Corpus linguistics and dialectology

Corpus linguistics and dialectology - Corpus linguistics...

Info iconThis preview shows pages 1–3. Sign up to view the full content.

View Full Document Right Arrow Icon
Corpus linguistics and dialectology Lieselotte Anderwald and Benedikt Szmrecsanyi 1. Introduction In contrast to sociolinguistics, dialectology and corpus linguistics have been rather uneasy bedfellows until relatively recently. In this article, we will focus on the use of modern corpora in the field of traditional dialectology – corpora, that is, which constitute principled, possibly computerized, and broadly representative collections of naturalistic spoken (and sometimes written) dialect material. This sets apart corpus-based dialectology from other approaches in empirical dialectology, which may be based on, e.g., dialect atlases and/or questionnaire data. The subject matter of traditional dialectology (as opposed to urban dialectology), then, is the distribution of linguistic features where, crucially, the primary parameter of variation is geographical distance and proximity between sampling locales. This means that this article will exclude from discussion corpora documenting variation between standard dialects (e.g. British English vs. American English), and we will also remain agnostic about corpus work on youth dialects and other sociolects, where variation is not stratified geographically but rather sociologically (but on this topic, cf. article 6 on corpora in sociolinguistics). 2. Aim and scope of traditional dialectology The study of (non-standard) dialects has a venerable tradition going back at least to the nineteenth century (for a short overview, cf. Chambers/Trudgill 1998; for developments more specifically related to English, cf. Ihalainen 1994). Interest in rural varieties of a language that were (or appeared to be) far removed from the standard language were kindled by the Neogrammarian dictum of the 'exceptionlessness of sound change' (Ausnahmslosigkeit der Lautgesetze), a dictum dialect data could support (or, indeed, refute) – many theoretically interesting intermediate stages of proposed changes could actually be documented with the help of dialect data. Especially isolated, rural dialects were seen as unspoilt or uncorrupted varieties, representing diachronically removed stages of the language in a purer form. This more theoretical interest in (at least certain) non-standard varieties seems to have been superseded by an interest in the dialect per se , often by dialect speakers themselves – witness the establishment of many regional dialect societies e.g. in England at the end of the nineteenth century, the most prominent of which is perhaps the Yorkshire Dialect Society, founded in 1897 by the scholar Joseph Wright, himself a Yorkshireman and author of the monumental English Dialect Dictionary (1898-1905). (The society exists to this day, see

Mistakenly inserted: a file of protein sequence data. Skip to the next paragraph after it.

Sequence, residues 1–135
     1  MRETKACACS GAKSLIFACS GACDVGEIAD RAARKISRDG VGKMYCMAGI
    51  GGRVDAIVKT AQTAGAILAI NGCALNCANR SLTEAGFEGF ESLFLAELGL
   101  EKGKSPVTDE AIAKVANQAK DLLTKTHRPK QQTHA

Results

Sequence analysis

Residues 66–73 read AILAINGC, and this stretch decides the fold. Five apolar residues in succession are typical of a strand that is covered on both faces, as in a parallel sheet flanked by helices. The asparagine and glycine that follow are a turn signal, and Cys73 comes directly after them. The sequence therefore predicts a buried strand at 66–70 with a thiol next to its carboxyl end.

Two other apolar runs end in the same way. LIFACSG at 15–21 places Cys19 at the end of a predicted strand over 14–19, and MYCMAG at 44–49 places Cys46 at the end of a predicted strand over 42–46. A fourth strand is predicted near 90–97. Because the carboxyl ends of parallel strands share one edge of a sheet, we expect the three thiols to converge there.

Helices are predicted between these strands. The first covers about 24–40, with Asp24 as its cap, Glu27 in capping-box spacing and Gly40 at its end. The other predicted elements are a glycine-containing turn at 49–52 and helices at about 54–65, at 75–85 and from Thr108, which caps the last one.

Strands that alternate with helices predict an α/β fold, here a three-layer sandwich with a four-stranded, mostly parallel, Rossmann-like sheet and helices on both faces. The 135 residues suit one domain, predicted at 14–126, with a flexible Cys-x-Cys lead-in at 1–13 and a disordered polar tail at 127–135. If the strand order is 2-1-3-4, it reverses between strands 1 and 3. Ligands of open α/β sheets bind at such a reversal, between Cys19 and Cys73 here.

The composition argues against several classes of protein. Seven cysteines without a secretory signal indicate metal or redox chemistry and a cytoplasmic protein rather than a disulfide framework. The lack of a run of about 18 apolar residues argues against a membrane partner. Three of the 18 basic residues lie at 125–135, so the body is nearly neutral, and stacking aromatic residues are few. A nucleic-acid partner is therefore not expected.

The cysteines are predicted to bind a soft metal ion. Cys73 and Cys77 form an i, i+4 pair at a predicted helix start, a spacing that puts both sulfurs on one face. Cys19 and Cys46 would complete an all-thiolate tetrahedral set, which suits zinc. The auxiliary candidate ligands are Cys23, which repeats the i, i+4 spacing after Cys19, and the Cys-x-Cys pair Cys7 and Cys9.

Background image of page 1

Info iconThis preview has intentionally blurred sections. Sign up to view the full version.

View Full DocumentRight Arrow Icon As, naturally, dialects are as little static as any other living linguistic system, observable tendencies of change were perceived as threatening the 'purity' or authenticity of the 'real' dialect, leading to efforts to preserve or at least record their
Background image of page 2
Image of page 3
This is the end of the preview. Sign up to access the rest of the document.

This note was uploaded on 01/21/2012 for the course ENG 111 taught by Professor Nis during the Spring '11 term at uot.

Page1 / 17

Corpus linguistics and dialectology - Corpus linguistics...

This preview shows document pages 1 - 3. Sign up to view the full document.

View Full Document Right Arrow Icon
Ask a homework question - tutors are online